In the epoch of imperialism sections of the workers, because of privileged material conditions, identify their interests with the success of their capitalist masters, and help to spread the ideology of capitalism among the workers. This particularly applies to the trade union and political bureaucracy, which with the spread of democratic institutions is increasingly drawn into the State machinery for the preservation of the existing system, and is therefore led into opposition to the forces making for social change. The bourgeois political education of the workers is being assiduously promoted by every one of the political parties of the bourgeoisie, whose first and radical task is a pitiless struggle against the party of the proletariat, the communist party. But the more the contradictions of capitalism deepen and the fiercer becomes the class struggle, so much the more conscious and revolutionary become the working masses and with still less success can the bourgeoisie apply its methods of deforming and distorting the consciousness of the worker.


Bourgeois individualism when it becomes the ideology of monopoly capital, an ideology which is organically at one with the aggressive politics of imperialism, emerges stripped o£ all disguise. One of the clearest examples of the decay of bourgeois thought is to be found in the pragmatic theory of knowledge, which reduces the whole question to one of practical advantage and the wishes of the individual. For me, says William James, the founder of pragmatism, only that which is practically useful is truth. Truth is not actuality reflected in our thinking, but that which happens to suit the needs and feelings of an individual personality. Such a view is far removed from the conception of knowledge as a reflection of material reality.

The British representative of the pragmatist philosophy, Schiller, develops a number of possible definitions of truth. Truth as necessity, as correspondence with an object, as that which is self-evident, as authenticity. All these definitions are from Schiller’s point of view only expressions of the different psychical states of the subject. Truth is not arrived at in the process of reflecting material reality by the thought of social man—truths are created by man. Of the numerous definitions of truth, man selects those which are most suitable to him at a given moment, those which best express his will, his desires and personal interests. Truth is a working hypothesis which has no relationship to the actual development of the material world and always remains merely an hypothesis. The only things with which truth can agree are the personal acts and aspirations of man.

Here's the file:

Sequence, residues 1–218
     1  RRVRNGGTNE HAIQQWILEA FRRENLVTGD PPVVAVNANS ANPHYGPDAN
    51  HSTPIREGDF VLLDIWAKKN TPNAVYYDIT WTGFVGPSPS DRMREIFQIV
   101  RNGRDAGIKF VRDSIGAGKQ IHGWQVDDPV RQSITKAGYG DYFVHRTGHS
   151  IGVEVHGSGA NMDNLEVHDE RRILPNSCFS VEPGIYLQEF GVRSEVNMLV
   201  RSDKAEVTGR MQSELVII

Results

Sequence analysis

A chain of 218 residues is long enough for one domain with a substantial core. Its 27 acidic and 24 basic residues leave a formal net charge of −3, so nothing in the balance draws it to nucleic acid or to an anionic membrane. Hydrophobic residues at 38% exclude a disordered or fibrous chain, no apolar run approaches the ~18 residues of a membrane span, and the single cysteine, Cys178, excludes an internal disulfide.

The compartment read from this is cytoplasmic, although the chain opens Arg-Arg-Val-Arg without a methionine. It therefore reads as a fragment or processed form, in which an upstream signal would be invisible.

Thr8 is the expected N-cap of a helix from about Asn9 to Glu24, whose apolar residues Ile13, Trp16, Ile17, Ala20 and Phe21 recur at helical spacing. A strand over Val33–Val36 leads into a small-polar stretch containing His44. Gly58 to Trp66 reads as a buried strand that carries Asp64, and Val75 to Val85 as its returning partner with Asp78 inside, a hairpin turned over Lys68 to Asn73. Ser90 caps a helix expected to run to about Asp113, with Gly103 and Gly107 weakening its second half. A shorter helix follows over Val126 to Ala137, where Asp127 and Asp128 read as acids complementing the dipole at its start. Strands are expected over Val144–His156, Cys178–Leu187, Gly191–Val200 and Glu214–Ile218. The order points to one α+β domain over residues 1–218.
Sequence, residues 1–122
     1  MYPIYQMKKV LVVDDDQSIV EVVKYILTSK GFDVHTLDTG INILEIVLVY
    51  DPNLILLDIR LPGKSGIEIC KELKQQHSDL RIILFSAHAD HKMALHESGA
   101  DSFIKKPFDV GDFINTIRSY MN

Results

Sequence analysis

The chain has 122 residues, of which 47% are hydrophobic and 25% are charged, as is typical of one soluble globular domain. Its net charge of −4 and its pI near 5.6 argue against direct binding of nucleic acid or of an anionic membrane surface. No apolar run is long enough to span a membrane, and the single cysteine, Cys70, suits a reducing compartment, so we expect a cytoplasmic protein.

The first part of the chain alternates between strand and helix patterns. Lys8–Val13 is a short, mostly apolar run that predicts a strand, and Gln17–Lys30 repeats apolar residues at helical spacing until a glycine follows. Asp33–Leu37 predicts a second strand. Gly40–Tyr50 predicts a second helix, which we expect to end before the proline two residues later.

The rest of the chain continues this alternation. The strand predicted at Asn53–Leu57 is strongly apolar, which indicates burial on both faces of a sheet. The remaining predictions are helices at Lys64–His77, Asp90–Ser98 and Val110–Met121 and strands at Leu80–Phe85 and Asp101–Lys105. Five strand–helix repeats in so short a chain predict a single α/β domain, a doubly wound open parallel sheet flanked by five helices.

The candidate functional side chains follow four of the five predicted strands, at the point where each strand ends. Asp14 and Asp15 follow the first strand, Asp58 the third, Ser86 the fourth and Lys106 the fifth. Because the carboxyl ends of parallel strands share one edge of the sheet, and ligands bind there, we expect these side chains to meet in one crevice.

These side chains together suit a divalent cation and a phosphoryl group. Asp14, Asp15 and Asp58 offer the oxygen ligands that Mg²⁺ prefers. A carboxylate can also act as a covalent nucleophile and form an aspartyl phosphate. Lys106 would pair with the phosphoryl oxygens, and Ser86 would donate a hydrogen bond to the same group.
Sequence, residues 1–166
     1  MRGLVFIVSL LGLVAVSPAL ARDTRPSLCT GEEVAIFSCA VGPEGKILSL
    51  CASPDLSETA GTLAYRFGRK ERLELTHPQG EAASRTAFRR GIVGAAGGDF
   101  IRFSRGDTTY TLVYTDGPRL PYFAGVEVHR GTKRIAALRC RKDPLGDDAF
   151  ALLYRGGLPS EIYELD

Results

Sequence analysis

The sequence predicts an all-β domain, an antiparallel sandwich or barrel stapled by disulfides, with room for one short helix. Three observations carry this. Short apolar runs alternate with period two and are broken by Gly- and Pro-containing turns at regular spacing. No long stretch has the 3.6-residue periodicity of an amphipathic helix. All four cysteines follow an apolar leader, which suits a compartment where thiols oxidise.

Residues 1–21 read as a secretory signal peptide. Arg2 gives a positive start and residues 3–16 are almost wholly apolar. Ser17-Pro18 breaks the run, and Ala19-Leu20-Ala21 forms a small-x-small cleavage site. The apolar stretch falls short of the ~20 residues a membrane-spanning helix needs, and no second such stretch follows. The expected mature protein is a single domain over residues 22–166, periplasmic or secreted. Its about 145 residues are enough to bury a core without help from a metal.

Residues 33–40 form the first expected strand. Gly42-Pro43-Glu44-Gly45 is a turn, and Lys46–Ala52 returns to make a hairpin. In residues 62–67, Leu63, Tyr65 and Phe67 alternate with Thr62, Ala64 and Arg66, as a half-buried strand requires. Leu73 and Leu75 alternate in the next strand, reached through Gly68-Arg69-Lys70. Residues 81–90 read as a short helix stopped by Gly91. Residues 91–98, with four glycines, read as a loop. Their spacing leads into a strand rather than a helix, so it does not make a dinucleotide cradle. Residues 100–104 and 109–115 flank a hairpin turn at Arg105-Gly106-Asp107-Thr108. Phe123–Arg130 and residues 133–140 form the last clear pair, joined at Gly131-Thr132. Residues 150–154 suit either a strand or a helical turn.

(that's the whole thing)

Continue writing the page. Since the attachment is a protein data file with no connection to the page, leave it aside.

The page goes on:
Pragmatism means that instead of allowing truth to reflect objective reality whether we like what we see or not, we construct a version that suits our desires and see whether we can maintain it in the face of the facts. For so long as we can do so this version is truth.

Thus a financial swindler wishes to persuade his victims, the public, his fellow financiers and the law that his schemes are perfectly honest. He therefore constructs a complete case and puts it about with all the conviction he can muster. It is very much to his interests that it shall be believed. Now according to pragmatism as long as he can get it believed it is “true.” Conformity to fact, according to pragmatism, is no test at all. For after all what is fact? There are only the facts as they appear to you and me, and very often they appear quite different to you and me, as visitors to the U.S.S.R. discover! Actually there are no bare facts, there are only human judgments about facts, and judgments are really points of view not photographs of reality.